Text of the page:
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Pope Francis visits Benedict XVI before his upcoming birthday

April 13, 2017. Vatican releases statement that the pope visited Benedict XVI yesterday.
Holy Week

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Why Pope Francis goes to Sweden for the 500th anniversary of the Protestant Reformation


About 500 years ago, Martin Luther initiated a major schism in the history of the Church: the division between Protestants and Catholics.

Half a millennium later, Pope Francis will travel to Sweden to remember this painful separation and send a message of hope: that unity is possible.

Lutheran pastor (Rome)
"I think the world needs a gesture of Christian unity. A gesture. A gesture that says Christians are committed to peace. There are no more wars between us. The world needs a gesture that says that peace is possible."

Historian, Pontifical Gregorian University
"In a secularized world, we need Christians who join forces in order to spread their spirit throughout society. This is a specifically Christian contribution to the world, despite obvious differences and opposing perceptions that was and still is between them."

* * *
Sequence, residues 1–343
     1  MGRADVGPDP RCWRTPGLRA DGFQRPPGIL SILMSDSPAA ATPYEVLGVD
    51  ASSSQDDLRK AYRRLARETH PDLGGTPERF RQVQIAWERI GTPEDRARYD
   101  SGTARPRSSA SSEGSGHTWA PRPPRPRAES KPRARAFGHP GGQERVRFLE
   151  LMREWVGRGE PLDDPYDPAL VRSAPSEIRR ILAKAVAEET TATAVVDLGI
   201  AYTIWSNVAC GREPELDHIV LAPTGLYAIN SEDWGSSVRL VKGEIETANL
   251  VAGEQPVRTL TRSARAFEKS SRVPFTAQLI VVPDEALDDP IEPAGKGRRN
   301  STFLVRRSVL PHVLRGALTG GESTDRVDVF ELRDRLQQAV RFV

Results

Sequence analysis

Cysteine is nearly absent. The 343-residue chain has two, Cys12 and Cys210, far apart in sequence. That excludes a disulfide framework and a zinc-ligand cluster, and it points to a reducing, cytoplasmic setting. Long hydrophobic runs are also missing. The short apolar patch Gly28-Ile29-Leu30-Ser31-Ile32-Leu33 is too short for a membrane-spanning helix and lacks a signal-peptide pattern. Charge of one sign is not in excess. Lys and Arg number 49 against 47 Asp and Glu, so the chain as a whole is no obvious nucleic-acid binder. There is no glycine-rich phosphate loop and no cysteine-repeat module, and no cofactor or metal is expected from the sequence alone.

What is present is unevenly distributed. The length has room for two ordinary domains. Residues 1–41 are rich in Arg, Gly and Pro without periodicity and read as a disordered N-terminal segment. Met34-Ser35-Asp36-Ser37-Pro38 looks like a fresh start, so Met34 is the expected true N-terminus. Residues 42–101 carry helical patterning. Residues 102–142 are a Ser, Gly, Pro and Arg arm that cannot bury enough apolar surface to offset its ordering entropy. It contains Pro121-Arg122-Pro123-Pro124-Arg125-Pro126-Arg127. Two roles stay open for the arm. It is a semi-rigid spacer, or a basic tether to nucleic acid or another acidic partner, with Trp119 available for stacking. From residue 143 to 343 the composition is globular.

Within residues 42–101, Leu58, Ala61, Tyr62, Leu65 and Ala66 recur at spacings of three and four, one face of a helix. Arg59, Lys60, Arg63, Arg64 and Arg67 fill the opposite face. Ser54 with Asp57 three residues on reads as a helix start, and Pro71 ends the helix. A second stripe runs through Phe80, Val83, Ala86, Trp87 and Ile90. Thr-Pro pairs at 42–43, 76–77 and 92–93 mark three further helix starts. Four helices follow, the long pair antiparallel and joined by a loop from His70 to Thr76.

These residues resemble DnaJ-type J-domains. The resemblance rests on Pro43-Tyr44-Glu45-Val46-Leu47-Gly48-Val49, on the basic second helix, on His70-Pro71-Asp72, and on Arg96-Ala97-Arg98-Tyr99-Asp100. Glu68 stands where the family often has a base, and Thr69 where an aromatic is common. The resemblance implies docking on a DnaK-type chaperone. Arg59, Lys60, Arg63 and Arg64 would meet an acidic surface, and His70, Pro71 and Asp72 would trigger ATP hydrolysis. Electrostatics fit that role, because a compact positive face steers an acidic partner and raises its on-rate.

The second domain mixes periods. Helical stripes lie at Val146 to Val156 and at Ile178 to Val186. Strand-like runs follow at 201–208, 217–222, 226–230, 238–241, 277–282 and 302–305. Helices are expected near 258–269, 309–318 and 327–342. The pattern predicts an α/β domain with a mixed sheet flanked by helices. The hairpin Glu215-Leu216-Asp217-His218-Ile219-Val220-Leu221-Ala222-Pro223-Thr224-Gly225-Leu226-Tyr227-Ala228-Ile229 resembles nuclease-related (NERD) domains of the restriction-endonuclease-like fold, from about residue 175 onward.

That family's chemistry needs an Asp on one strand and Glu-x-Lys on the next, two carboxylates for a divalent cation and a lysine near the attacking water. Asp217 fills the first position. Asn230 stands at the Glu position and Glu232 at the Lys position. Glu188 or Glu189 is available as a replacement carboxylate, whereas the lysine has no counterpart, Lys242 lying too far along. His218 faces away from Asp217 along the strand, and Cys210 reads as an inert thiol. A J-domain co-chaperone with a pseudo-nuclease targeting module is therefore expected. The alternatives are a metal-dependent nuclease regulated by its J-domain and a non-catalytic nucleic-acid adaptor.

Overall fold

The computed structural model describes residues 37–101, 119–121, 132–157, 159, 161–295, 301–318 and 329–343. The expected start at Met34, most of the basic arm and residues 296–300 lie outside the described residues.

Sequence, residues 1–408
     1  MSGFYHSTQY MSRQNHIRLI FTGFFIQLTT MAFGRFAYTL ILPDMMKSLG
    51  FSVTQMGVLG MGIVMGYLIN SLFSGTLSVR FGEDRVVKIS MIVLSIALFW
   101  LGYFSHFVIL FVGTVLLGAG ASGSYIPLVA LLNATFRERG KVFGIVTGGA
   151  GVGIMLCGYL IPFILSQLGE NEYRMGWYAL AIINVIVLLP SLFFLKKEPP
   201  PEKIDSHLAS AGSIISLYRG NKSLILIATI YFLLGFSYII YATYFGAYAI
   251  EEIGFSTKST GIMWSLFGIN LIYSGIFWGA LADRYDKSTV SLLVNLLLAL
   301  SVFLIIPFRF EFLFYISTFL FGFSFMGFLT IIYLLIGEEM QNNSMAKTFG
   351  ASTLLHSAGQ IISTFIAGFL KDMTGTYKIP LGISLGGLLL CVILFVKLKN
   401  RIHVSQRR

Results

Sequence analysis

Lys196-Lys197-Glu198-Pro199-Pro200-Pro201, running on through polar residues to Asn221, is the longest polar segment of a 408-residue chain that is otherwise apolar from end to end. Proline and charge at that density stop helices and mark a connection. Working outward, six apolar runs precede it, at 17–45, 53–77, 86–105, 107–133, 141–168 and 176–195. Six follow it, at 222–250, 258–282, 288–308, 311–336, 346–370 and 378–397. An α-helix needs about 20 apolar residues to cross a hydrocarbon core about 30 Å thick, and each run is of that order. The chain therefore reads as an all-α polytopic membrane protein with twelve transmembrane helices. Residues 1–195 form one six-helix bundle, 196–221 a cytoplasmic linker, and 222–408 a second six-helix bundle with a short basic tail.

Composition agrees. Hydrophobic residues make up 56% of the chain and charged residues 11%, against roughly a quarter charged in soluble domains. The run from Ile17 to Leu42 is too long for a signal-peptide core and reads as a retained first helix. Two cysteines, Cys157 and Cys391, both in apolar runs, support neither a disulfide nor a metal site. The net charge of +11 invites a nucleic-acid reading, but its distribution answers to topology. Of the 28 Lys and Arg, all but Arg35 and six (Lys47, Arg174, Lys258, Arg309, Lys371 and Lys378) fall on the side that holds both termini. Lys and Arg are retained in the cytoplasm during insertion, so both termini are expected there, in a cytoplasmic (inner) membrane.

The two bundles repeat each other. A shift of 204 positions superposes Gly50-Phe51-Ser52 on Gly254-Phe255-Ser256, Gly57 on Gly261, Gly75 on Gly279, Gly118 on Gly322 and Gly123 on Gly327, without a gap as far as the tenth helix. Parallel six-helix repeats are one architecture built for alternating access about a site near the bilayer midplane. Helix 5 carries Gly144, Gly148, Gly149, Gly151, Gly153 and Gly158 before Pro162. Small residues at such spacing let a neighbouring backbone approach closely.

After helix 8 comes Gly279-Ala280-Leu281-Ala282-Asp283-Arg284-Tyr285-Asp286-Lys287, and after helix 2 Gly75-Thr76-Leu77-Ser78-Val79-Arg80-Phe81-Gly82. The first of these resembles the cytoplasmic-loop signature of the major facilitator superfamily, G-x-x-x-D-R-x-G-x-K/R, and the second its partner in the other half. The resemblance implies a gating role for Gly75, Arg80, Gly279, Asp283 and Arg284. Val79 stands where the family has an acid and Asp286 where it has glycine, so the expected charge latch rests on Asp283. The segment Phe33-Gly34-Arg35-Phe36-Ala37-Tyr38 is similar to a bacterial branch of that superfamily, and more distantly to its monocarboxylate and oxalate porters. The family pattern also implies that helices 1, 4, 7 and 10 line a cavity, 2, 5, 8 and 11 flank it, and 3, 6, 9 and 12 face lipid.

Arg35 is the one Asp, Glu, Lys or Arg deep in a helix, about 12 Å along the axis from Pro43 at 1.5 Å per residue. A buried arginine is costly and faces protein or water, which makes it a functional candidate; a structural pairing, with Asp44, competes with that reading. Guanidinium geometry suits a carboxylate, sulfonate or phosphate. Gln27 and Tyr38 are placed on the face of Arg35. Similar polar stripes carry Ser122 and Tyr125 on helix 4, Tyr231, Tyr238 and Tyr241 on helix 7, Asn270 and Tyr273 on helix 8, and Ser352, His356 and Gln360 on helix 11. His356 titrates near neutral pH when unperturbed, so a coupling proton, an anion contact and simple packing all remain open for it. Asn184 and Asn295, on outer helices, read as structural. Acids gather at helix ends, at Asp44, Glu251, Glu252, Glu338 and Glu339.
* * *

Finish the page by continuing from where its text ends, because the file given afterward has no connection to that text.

Professor Silvano Giordano recalls that the success of the Reformation was partly due to political motivation. So, since the separation of political and religious power, ecumenical dialogue has dramatically improved. 

Historian, Pontifical Gregorian University
"We must bear in mind the cultural context of the Reformation. At that time, there was a big difference between Latin and Germanic origin. The Church in Germany did not want to depend on Rome. It had its own pride."

Lutheran pastor, Jens-Martin Kruse, has been one of the biggest players in the ecumenical dialogue in recent years. John Paul II, Benedict XVI and Pope Francis all visited his church in Rome. 

Lutheran pastor (Rome)
"We need strong popes and bishops with courage, because we must continue toward the path to unity. There is not enough theological dialogue. We must bear witness together."

After the trip to Georgia and Azerbaijan, the pope reiterated the importance of ecumenical dialogue during these times.

This is one of the lines the Church specifically promoted after Vatican Council II: that faith can no longer be used as a weapon to justify wars and it must become a tool at the service of peace.